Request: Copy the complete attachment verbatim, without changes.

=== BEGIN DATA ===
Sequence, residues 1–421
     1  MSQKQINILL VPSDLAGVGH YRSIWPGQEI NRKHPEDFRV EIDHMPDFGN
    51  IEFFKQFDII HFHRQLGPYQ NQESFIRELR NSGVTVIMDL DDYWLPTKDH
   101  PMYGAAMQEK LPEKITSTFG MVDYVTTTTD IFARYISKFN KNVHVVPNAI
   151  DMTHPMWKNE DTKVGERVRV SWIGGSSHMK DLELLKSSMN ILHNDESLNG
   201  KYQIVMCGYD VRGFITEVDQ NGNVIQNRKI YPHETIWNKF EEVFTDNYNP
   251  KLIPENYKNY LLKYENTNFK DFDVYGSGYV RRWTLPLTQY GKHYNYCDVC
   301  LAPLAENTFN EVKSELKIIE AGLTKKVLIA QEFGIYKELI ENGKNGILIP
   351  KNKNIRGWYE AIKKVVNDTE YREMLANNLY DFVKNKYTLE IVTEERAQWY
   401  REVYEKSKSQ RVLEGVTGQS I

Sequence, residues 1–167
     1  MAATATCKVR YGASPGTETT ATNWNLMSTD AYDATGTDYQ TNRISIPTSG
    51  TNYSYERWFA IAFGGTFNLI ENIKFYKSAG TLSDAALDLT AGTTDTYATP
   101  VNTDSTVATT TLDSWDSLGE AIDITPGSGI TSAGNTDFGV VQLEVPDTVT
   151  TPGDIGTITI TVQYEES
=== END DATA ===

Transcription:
Sequence, residues 1–421
     1  MSQKQINILL VPSDLAGVGH YRSIWPGQEI NRKHPEDFRV EIDHMPDFGN
    51  IEFFKQFDII HFHRQLGPYQ NQESFIRELR NSGVTVIMDL DDYWLPTKDH
   101  PMYGAAMQEK LPEKITSTFG MVDYVTTTTD IFARYISKFN KNVHVVPNAI
   151  DMTHPMWKNE DTKVGERVRV SWIGGSSHMK DLELLKSSMN ILHNDESLNG
   201  KYQIVMCGYD VRGFITEVDQ NGNVIQNRKI YPHETIWNKF EEVFTDNYNP
   251  KLIPENYKNY LLKYENTNFK DFDVYGSGYV RRWTLPLTQY GKHYNYCDVC
   301  LAPLAENTFN EVKSELKIIE AGLTKKVLIA QEFGIYKELI ENGKNGILIP
   351  KNKNIRGWYE AIKKVVNDTE YREMLANNLY DFVKNKYTLE IVTEERAQWY
   401  REVYEKSKSQ RVLEGVTGQS I

Sequence, residues 1–167
     1  MAATATCKVR YGASPGTETT ATNWNLMSTD AYDATGTDYQ TNRISIPTSG
    51  TNYSYERWFA IAFGGTFNLI ENIKFYKSAG TLSDAALDLT AGTTDTYATP
   101  VNTDSTVATT TLDSWDSLGE AIDITPGSGI TSAGNTDFGV VQLEVPDTVT
   151  TPGDIGTITI TVQYEES